Jose M. Gomez questions the Holtville Unified School District board on why they can cite dress code violations on the "Don't Tread On Me" shirt that he was wearing but they cannot enforce the mask mandate. Gomez was one of about a dozen people who spoke during public comment at the Holtville school board meeting on Monday evening, Aug. 16, in Finley Elementary School’s auditorium. | MARCIE LANDEROS PHOTO
HOLTVILLE — For almost an hour and a half, it was the “other side” in Holtville who made their voices heard in the debate over California’s masking mandate during a school board meeting inside Finely Elementary’s auditorium on Monday, Aug. 16, less than a week after the board decided to selectively enforce the state order.
The issue was not part of the regularly scheduled Holtville Unified School District meeting agenda for Monday night, but the public comment portion of the meeting seemed to serve as a continuance of the Thursday, Aug. 12, special meeting in which the board decided, 4-1, to comply with the state’s mask mandate, but not take any corrective action against students who come to school without wearing a mask.
On Monday evening, about 50 people spread out in the auditorium, where about a dozen people took the mic to say their piece, three quarters of whom spoke out against the previous board decision.
The issue is due to spill over into yet a third meeting, when school officials scheduled a special meeting for 5:45 p.m. (open session) Wednesday, Aug. 18, inside the school district board room, 621 E. Sixth St. There is no action calendar on the agenda, only public comments and a joint informational presentation from the Imperial County Public Health Department and Imperial County Office of Education. No other information was available.
Opening speaker on Monday evening was Bianca Padilla, a former Holtville City Council member who set the tone for the evening, which would include fiery opinions on an issue already decided, at least for now.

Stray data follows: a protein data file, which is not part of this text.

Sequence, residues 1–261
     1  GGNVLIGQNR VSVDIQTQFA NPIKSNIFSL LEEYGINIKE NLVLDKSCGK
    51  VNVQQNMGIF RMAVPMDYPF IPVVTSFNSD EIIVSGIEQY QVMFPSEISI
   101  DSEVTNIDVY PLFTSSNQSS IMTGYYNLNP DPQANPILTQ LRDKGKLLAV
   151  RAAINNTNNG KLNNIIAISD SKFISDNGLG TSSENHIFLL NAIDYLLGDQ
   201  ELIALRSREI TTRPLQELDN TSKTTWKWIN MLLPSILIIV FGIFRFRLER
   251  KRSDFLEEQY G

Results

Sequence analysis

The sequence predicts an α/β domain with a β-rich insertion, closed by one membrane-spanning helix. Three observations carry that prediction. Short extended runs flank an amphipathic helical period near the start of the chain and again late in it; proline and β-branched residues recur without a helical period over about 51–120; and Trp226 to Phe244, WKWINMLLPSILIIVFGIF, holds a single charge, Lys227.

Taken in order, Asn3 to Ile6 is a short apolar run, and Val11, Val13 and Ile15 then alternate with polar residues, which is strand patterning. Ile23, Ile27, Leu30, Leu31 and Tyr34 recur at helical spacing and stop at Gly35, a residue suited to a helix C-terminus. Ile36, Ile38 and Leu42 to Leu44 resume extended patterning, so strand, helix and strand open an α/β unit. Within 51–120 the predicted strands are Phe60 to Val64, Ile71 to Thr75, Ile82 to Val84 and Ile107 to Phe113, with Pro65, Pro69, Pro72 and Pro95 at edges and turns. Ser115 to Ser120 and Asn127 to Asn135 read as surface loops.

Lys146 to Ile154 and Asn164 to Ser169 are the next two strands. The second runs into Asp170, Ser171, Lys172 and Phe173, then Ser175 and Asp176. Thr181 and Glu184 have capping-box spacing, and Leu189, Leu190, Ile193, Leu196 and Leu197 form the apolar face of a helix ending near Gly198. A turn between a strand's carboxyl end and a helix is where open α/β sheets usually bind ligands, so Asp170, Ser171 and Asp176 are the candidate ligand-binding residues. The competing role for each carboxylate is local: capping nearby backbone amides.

“OK, I am going to make an educated guess here, that nobody on this board is currently going to school or working at a job that requires you to be in a room for six hours a day or more, with 20 to 30 people at all times, that you do not know or choose to be with,” Padilla said.
“I am guessing that most of you are self-employed and have the freedom to work from home, or work from a chosen office, and to go out and about as you see fit in your day. I also know for a fact, that you all had the choice to get vaccinated against COVID, and I am guessing that some of you board members probably did,” she added. “My son is 5 years old and getting ready to start kindergarten. He doesn’t have any of those choices.”
While Padilla expressed empathy with the difficult position the school board is in, she, along with others in the community, encouraged the school board to “make the right choice” by putting public safety before personal choices.
The family of the sole Holtville Unified School District trustee to cast the dissenting vote against the board modified approach to the mandate, Jared Garewal, attended the meeting and several of them spoke.
Abby Garewal, a recent graduate of Holtville High whose sisters still attend school in the district, stepped up to microphone to speak to the board about how poverty rates and high rates of respiratory disease in our county make our community vulnerable, making the school board’s choice even more dangerous.